The Story of Freddie Mercury’s Final Public Appearance
Rumors about Mercury’s health had swirled for years, with the U.K. tabloid The Sun proving a particularly enthusiastic source of speculation; as far back as the fall of 1986, the paper insisted that the singer had been tested for HIV/AIDS. Mercury denied the reports, but — as it had with Elton John during roughly the same time period — The Sun knew sensationalism sold regardless of proof, and continued to publish Mercury gossip while hiring photographers to hound him.
In truth, while the public remained largely unaware of Mercury’s AIDS diagnosis — which he reportedly received as early as the spring of 1987 — there were reasons to believe all was not well, among them the fact that Queen opted not to tour behind its 1989 album The Miracle. As guitarist Brian May later explained, although the decision to remain off the road was Mercury’s, not even his bandmates really understood the nature of his health woes.
“We didn’t know actually what was wrong for a very long time,” said May years later. “We never talked about it and it was a sort of unwritten law that we didn’t, because Freddie didn’t want to. He just told us that he wasn’t up to doing tours, and that’s as far as it went. Gradually, I suppose in the last year and a bit, it became obvious what the problem was, or at least fairly obvious. We didn’t know for sure.”
It must have been fairly obvious by February 1990, when Queen took the stage at the Brit Awards to accept that year’s Outstanding Contribution to British Music honor. Although the group had already started work on 1991’s Innuendo LP, the members had adjusted their work schedule to accommodate Mercury’s failing health, and would complete the record by following a pattern of spending three weeks in the studio followed by two weeks off. As they walked out to the podium together, anyone could see that Mercury seemed gaunt — and atypically reserved.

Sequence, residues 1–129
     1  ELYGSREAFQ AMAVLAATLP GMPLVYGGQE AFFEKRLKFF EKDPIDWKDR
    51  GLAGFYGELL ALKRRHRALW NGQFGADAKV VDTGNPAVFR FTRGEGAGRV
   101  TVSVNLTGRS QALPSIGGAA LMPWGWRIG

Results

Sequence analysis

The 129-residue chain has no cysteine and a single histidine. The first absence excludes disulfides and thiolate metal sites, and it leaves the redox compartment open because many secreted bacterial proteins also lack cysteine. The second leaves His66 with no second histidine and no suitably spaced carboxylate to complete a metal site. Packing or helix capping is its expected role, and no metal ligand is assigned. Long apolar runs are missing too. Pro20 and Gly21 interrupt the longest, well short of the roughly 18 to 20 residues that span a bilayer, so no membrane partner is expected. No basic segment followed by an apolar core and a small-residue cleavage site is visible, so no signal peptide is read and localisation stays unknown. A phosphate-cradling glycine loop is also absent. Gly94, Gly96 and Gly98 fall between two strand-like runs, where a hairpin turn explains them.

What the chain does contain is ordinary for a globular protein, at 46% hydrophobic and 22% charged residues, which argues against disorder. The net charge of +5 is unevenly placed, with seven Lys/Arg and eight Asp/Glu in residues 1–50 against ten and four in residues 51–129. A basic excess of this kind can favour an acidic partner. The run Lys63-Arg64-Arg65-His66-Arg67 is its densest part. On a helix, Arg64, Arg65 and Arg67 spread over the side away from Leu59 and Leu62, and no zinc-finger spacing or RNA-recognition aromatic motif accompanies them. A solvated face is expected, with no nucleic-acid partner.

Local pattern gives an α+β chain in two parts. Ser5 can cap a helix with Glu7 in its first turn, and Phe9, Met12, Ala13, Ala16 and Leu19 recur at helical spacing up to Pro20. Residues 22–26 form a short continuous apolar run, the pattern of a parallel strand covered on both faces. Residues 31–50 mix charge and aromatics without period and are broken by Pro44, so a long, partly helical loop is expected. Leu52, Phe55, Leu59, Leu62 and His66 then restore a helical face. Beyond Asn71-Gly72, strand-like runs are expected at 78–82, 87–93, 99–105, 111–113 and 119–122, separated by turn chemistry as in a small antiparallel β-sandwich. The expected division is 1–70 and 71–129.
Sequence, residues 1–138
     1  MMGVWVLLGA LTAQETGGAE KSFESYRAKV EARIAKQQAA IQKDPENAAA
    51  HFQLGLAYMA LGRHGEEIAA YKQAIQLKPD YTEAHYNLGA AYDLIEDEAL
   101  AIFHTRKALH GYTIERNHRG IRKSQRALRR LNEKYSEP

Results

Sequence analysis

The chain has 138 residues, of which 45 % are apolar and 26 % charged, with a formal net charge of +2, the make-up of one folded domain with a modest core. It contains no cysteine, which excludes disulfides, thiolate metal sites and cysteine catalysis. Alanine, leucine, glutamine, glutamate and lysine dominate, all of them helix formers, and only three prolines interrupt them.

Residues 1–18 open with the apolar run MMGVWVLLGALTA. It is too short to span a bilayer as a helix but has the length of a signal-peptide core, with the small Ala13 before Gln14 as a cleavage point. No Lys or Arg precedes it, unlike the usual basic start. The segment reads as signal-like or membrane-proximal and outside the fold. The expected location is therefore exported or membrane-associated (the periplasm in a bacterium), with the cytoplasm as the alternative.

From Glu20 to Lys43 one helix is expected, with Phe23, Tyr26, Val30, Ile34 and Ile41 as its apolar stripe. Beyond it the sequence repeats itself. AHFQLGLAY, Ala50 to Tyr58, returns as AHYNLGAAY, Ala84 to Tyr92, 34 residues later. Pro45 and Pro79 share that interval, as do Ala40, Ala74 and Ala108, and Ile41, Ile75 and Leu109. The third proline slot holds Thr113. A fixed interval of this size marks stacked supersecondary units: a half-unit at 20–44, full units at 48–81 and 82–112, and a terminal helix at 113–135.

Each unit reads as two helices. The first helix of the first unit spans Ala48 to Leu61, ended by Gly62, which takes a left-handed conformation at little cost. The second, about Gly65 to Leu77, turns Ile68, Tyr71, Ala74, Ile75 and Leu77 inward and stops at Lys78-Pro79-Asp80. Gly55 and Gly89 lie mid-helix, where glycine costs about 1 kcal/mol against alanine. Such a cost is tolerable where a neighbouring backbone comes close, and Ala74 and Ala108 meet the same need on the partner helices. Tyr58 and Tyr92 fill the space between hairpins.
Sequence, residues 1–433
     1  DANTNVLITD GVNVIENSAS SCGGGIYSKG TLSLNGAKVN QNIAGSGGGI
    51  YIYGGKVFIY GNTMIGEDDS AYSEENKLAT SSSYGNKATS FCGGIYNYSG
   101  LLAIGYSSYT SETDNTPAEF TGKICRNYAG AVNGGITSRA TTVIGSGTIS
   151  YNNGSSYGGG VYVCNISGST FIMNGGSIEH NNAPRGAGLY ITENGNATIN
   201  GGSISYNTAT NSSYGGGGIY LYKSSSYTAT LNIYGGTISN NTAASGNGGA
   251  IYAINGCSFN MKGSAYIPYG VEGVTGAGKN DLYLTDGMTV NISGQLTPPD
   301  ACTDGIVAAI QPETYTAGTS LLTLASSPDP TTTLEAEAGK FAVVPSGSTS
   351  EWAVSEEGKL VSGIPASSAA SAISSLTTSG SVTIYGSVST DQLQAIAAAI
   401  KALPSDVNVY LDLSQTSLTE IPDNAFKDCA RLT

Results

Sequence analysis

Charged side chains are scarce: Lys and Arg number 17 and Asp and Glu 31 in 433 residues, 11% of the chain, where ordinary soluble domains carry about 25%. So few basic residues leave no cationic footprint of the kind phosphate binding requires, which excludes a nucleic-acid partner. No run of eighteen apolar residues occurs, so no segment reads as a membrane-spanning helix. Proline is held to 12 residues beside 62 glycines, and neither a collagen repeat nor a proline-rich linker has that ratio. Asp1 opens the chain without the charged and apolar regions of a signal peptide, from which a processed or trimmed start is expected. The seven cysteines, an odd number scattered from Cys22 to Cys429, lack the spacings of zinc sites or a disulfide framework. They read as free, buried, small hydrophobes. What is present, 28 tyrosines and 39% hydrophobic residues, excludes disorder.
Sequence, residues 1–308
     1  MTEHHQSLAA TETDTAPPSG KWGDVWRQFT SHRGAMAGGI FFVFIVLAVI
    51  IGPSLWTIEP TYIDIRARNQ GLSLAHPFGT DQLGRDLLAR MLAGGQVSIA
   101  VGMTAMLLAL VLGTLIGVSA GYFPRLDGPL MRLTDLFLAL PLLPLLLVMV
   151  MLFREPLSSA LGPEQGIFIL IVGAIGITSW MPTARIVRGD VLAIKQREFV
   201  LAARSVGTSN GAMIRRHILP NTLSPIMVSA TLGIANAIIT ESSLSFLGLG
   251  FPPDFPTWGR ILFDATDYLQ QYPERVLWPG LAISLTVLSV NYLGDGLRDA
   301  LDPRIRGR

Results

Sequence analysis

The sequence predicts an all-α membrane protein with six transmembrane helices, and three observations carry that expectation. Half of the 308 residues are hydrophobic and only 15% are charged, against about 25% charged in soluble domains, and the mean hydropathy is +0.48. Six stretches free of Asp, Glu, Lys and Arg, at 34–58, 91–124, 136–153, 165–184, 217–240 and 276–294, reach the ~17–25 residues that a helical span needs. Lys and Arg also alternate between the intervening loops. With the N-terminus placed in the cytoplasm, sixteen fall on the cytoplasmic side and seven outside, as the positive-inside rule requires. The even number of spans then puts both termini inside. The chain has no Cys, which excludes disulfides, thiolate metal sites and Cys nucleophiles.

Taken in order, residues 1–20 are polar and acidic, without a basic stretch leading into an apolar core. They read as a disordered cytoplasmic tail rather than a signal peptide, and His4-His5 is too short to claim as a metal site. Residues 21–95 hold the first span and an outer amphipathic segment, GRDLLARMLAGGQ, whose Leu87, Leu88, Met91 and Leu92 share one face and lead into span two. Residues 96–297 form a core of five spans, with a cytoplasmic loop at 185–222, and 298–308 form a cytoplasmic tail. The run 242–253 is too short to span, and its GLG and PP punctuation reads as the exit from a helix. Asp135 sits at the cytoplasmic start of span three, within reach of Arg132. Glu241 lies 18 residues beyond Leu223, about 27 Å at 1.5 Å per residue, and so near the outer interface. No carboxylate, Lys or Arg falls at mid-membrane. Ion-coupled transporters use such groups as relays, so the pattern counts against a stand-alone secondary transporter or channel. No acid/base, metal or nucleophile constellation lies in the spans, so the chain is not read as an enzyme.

In fact, it was May who’d speak on Queen’s behalf, stepping up to the mic to offer thanks after a glowing introduction from Chrysalis co-founder Terry Ellis and a star-studded testimonial video. Crediting “everyone in the industry — and, perhaps more importantly, outside the industry — who stuck behind us all these years” with giving the band “a lot of freedom to pursue what we loosely call our art to any extent we felt like at the time,” May marveled at the way they’d wandered out on “a lot of strange limbs which seemed very precarious at the time, but we didn’t quite fall off.”
With that, and a joke about saying “a special thank you to the British petroleum industry for giving us this magnificent award in recognition of all the amounts of vinyl which we’ve recycled over the years,” the group’s time onstage that evening — and what would be Mercury’s final public appearance — was over. Leaning briefly into the mic to say simply “Thank you … goodnight,” he exited with his bandmates.
Speculation continued to swirl following the Brit Awards, and The Sun continued prying, but Mercury maintained his privacy almost until the end of his life, declining to make any public announcements regarding his health until Nov. 22, 1991, when he confirmed his diagnosis. A little more than 24 hours later, he was gone.
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